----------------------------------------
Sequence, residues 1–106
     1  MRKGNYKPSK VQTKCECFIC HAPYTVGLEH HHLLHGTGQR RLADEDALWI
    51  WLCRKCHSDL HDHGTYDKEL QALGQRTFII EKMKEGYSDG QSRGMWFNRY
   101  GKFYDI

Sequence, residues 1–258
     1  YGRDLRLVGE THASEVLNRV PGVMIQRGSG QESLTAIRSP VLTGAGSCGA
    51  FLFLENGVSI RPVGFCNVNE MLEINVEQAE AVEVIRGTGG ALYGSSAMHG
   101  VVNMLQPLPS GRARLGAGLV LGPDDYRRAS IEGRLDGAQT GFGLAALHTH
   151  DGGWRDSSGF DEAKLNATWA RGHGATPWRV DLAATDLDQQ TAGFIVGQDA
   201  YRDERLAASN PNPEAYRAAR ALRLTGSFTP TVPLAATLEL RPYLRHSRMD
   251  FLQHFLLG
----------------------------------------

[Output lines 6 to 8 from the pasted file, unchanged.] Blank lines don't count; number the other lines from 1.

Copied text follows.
     1  YGRDLRLVGE THASEVLNRV PGVMIQRGSG QESLTAIRSP VLTGAGSCGA
    51  FLFLENGVSI RPVGFCNVNE MLEINVEQAE AVEVIRGTGG ALYGSSAMHG
   101  VVNMLQPLPS GRARLGAGLV LGPDDYRRAS IEGRLDGAQT GFGLAALHTH